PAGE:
Fairfax County plainclothes police officers infiltrated a high school graduation party at a Vienna home early yesterday, without a warrant, and subsequently arrested several participants, including the hostess, who was handcuffed, charged with being drunk in public and forced to spend the night in jail.

Police said the plainclothes officers, and agents of the Virginia Alcoholic Beverage Control board, showed up at the party at the house of Robert and Retha Morgan because uniformed officers on patrol Thursday night said they spotted at least 50 teen-agers milling around the neighborhood and said that some teens appeared to be drinking and others appeared to be drunk.

"I'm confused," said Retha Morgan, who was charged, as was her husband, with the additional count of aiding and abetting the consumption of alcohol by minors, according to Fairfax County police.

"I'm very confused. I don't know where the thing went wrong," she said. "I have played it over and over again in my mind. I really wish I could understand the police's side and what they thought they were doing."

Police said yesterday that it has long been the practice in Fairfax County to send plainclothes officers to parties where officials have reasonable cause to believe that the law is being broken. They said they were told by officials in the local commonwealth attorney's office that such action is permissible if a party appears to be public, with no one at the door to check for invitations or to turn away strangers.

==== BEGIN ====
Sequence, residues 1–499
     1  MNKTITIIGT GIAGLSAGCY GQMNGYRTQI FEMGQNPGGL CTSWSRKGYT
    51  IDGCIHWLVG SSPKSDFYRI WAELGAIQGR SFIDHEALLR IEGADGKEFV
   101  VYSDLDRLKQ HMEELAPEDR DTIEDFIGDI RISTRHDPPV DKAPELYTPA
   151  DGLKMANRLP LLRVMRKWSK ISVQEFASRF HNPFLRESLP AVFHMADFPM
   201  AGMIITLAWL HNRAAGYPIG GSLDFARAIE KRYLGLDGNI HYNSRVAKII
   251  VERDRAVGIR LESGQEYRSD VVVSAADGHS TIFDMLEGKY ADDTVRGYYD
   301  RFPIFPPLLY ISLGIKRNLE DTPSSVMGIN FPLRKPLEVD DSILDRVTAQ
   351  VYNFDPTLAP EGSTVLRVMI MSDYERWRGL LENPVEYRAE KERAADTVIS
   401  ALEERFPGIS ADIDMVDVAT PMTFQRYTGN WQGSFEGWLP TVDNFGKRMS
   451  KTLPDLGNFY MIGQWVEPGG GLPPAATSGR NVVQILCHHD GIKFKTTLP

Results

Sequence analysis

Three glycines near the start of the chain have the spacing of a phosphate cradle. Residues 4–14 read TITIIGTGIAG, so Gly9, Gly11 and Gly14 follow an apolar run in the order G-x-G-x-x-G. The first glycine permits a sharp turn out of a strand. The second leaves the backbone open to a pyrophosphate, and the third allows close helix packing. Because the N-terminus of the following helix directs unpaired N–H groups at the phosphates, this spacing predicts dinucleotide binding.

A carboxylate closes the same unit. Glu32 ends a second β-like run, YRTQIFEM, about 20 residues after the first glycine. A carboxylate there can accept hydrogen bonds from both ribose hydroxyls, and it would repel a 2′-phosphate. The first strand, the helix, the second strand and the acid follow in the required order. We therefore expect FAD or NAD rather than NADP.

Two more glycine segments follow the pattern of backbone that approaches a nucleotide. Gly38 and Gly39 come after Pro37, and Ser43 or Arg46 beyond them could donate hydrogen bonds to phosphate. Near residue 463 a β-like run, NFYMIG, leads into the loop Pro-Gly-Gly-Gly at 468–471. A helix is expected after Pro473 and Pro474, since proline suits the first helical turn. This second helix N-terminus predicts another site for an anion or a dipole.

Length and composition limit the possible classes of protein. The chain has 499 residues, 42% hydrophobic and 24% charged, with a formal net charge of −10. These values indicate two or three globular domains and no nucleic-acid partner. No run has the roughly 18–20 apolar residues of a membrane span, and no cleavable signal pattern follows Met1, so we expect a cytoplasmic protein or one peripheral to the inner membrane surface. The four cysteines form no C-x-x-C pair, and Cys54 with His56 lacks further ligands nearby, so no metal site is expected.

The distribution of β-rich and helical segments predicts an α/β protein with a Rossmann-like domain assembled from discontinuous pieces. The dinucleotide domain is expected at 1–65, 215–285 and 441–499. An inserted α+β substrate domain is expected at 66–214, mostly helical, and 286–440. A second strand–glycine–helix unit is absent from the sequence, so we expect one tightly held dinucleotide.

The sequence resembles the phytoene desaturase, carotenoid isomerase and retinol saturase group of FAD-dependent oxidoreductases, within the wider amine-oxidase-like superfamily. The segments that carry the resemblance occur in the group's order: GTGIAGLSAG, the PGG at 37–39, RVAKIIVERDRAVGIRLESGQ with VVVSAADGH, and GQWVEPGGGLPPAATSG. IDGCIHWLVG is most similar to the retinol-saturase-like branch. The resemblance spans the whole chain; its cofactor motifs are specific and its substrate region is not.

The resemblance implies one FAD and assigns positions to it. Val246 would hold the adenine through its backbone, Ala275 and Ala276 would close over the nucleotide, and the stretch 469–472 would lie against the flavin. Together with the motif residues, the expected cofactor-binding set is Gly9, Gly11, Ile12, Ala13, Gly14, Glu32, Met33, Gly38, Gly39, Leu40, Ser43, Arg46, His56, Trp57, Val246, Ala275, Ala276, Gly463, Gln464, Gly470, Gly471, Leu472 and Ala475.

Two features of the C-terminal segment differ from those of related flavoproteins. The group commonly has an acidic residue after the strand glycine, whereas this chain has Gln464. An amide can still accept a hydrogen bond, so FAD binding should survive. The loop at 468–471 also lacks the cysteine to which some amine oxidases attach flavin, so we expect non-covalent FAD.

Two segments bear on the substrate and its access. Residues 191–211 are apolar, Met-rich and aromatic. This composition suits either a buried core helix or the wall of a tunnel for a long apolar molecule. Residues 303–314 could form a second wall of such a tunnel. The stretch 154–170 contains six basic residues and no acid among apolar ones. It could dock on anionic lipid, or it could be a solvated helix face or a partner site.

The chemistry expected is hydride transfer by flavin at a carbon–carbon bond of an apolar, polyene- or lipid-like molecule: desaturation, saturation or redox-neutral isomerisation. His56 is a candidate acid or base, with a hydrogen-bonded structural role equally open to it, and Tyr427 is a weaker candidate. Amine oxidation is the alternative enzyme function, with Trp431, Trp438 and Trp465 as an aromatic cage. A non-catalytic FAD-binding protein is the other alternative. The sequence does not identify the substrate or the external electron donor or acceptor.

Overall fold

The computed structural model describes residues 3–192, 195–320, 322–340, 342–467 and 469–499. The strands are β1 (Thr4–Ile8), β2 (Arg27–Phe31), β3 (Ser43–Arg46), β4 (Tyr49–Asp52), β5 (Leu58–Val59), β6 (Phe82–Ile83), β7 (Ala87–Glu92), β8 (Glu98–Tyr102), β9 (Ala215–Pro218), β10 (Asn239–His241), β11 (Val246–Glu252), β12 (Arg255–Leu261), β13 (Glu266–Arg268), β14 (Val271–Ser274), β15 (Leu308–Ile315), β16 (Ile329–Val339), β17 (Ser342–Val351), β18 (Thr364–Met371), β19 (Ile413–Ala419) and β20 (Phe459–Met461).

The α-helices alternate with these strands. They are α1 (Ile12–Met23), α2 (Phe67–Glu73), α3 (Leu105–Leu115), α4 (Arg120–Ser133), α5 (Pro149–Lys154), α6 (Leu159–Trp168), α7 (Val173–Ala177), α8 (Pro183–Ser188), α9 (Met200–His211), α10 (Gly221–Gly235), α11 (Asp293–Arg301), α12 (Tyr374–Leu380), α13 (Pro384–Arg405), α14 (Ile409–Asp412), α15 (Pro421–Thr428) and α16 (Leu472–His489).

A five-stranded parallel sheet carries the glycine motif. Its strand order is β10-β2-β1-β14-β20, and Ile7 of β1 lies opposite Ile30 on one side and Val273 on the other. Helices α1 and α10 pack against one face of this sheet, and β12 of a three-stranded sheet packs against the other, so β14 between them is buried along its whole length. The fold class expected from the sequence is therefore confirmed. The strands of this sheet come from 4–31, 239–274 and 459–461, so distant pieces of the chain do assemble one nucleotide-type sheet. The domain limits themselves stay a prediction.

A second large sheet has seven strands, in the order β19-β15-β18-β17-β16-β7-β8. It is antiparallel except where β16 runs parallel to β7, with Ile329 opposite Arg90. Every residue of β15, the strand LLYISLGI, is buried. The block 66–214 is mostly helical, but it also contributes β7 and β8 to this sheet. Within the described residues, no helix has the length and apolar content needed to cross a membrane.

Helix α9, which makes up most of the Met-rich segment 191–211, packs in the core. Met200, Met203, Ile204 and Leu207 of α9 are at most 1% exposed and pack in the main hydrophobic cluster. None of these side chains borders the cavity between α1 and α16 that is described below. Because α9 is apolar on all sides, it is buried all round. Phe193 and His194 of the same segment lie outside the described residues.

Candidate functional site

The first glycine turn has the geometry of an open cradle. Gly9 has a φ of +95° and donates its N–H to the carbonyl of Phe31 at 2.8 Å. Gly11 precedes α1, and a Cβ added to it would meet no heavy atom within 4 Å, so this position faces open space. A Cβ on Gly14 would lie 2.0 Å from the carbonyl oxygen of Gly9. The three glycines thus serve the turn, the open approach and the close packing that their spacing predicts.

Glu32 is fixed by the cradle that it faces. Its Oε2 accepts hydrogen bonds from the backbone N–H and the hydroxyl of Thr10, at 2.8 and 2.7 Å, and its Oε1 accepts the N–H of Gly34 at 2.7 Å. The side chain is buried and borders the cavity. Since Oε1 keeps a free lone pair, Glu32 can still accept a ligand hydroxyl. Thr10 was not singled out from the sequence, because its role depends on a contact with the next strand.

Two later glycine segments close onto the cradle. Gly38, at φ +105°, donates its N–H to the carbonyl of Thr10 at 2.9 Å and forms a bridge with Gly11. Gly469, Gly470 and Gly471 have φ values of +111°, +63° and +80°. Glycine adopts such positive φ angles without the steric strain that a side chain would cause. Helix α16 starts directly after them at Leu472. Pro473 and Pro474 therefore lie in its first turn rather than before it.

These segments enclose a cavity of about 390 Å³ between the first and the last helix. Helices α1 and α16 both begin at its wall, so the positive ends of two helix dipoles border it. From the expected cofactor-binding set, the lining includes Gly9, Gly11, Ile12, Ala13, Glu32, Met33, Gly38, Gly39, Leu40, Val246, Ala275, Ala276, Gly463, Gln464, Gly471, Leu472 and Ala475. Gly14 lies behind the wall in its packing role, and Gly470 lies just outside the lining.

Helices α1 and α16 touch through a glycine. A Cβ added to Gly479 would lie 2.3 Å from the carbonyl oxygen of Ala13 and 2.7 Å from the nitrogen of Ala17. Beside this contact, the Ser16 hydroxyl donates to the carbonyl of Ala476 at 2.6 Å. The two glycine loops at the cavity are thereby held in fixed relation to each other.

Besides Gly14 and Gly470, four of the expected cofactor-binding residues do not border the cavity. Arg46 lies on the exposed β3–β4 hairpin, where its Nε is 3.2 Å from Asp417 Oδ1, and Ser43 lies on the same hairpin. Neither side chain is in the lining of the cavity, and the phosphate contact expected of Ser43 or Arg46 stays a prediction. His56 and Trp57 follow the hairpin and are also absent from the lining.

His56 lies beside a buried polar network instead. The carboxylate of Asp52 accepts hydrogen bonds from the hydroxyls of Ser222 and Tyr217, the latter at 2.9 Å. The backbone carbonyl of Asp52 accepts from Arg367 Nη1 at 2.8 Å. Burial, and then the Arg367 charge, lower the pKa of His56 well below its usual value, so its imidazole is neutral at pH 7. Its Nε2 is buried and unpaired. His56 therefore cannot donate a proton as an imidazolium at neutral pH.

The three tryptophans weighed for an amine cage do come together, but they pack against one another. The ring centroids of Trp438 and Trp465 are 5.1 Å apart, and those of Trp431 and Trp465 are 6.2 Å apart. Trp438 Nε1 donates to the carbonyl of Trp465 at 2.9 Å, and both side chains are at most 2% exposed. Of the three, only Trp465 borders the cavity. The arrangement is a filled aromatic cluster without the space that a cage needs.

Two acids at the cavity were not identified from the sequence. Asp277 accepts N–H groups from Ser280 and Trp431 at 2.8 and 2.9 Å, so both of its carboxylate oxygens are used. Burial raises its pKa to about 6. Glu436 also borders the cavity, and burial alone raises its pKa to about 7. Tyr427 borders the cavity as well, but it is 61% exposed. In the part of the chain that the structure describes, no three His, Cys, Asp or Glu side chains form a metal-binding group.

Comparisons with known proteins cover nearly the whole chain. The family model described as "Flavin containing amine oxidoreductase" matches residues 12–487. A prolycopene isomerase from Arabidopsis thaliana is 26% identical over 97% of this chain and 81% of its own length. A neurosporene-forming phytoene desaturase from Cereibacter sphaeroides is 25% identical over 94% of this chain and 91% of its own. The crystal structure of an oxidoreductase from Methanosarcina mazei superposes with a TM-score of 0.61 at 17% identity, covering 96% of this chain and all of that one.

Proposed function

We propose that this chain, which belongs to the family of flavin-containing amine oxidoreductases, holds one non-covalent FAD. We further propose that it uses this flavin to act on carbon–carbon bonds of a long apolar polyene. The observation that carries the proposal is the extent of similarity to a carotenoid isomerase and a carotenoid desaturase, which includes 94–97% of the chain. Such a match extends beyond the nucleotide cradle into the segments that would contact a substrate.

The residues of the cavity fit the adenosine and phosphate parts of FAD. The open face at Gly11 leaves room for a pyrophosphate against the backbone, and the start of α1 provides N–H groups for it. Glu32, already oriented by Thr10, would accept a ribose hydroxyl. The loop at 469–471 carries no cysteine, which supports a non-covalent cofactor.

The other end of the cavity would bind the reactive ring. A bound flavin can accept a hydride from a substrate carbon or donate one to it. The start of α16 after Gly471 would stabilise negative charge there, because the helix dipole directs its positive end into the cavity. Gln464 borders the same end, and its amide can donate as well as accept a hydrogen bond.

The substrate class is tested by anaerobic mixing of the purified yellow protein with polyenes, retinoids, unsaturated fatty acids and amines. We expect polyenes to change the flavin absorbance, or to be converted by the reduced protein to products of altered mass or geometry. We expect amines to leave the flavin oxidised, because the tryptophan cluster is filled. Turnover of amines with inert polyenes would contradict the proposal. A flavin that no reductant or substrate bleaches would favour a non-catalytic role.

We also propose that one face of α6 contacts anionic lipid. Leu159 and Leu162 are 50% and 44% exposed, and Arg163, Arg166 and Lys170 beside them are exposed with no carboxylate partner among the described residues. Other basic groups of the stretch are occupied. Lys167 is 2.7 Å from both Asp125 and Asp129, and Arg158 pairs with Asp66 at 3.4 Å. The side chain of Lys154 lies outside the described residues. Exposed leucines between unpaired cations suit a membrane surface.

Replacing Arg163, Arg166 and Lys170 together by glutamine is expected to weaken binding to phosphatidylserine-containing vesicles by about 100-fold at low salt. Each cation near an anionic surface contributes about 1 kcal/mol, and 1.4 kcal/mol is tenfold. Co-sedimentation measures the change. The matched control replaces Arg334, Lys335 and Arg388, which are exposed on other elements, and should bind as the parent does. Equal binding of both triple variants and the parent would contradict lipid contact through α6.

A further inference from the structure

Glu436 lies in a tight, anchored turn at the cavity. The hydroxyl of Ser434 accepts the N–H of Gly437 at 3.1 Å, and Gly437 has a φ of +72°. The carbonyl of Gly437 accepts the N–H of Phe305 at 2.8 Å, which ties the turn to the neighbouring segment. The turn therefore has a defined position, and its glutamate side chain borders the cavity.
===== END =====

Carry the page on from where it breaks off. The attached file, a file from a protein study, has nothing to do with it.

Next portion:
Commonwealth's Attorney Robert F. Horan Jr. could not be reached for comment yesterday.

Virginia ABC officials also were unavailable.

Fairfax police said the party at the Morgans' house, in the 10000 block of Old Hunt Road, was one of several visited by plainclothes officers and ABC agents Thursday night and yesterday morning as part of what Capt. Richard J. Rappoport, commander of the Reston Police District, said was a joint effort to crack down on illegal drinking by teen-agers attending graduation celebrations.

Rappoport said that "the way we handled the {Morgans'} party is not atypical from the way we handle parties all the time."

But he stressed that parents giving "well-controlled" parties where there are "no obvious violations of the law, such as people drinking in the street or juveniles carrying alcohol in and out of a party," should not fear that police will surreptitiously go onto their property.

Several law school faculty members knowledgeable about constitutional law said yesterday that, in their view, the legality of the action taken by the Fairfax police hinged on the partygoers' expectations of privacy and the degree to which officers had reason to believe that serious illegal acts were taking place on the Morgans' property.

"That's a tough one," said John F. Banzhaf III, a law professor at George Washington University.

Morgan said she thought that she and her husband had planned a perfect graduation party for their son, Kurt St. Clair, in the back yard of their house. They hired a disc jockey, bought hot dogs and soft drinks and invited Oakton High School's entire senior class of 619 students.